Although home telemonitoring was not superior to telephone support in this study, it was less expensive overall.
“Home telemonitoring reduces face-to-face contacts versus nurse telephone support. Home telemonitoring was the least expensive option associated with improved survival mostly due to the less expensive outpatient contacts but also due to shorter hospital stays,” Dr. Cleland said.
Usual care was the least expensive option; however, that was largely because patients died sooner and incurred fewer costs.
Although this was the largest heart failure telemonitoring trial yet, Dr. Cleland noted that the number of patients was still modest compared to major trials of other heart failure interventions. He said further work needs to be done to refine telemonitoring equipment and methods and compare it to telephone support, but he emphasized that this study found that either method is better than usual care.
“Ultimately, more randomized, controlled trials comparing expert health care support with and without home telemonitoring are warranted. “Usual care” may no longer be ethical, even though it is still standard practice in the U.S. and Europe,” he said.
Edward P. Havranek, M.D.,F.A.C.C., at the University of Colorado and Denver Health Medical Center, who wrote an editorial in the journal, said that even though home telemonitoring was not superior to telephone support in this trial, cardiologists should remain open to the idea of using technology to support patient care, while focusing their attention on maintaining contact with patients.
“From my perspective, the most important thing this study teaches us is that the key aspect of improved care is a stronger working relationship between patient and provider. Technology should be viewed as a useful tool for enhancing care, not as the centerpiece of care. Also, the article is another important piece of evidence supporting the concept that reorganizing the system for delivering care to patients with heart failure is having as great an effect on improving patient outcomes as some recent advances in drug treatment,” Dr. Havranek said.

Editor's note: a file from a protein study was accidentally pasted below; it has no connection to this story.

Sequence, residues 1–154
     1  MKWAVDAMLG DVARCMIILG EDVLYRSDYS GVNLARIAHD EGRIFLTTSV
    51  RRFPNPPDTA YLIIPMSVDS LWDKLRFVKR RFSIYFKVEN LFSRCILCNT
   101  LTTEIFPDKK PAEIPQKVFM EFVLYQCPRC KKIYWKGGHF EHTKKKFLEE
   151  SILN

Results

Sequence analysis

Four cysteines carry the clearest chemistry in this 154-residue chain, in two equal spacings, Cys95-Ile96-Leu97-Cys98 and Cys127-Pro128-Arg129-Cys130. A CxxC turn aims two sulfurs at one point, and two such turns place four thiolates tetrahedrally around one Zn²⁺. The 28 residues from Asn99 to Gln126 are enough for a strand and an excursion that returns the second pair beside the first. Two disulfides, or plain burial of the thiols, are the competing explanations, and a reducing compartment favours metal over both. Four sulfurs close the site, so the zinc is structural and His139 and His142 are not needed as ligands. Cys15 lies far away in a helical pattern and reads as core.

Roger M. Mills, M.D., F.A.C.C., at the Henry Ford Hospital and Wayne State University in Detroit, Mich., who was not connected with this study, noted that this trial was remarkably large for a trial of its type and so was the size of the benefit of monitoring heart failure patients.
“In summary, if outpatient support were a drug, it would represent a major breakthrough. These findings should receive equal attention. These data provide unequivocal support for the concept that heart failure patients benefit substantially from continued interaction with health care providers after discharge. Certainly, the telemetry system offers more hard data, but access to a nurse appears to be the critical element of the system,” Dr. Mills said.
Dr. Mills said in his experience some patients like using high-tech monitors, while others prefer getting telephone calls from nurses.
The American College of Cardiology, a 31,000-member nonprofit professional medical society and teaching institution, is dedicated to fostering optimal cardiovascular care and disease prevention through professional education, promotion of research, leadership in the development of standards and guidelines, and the formulation of health care policy.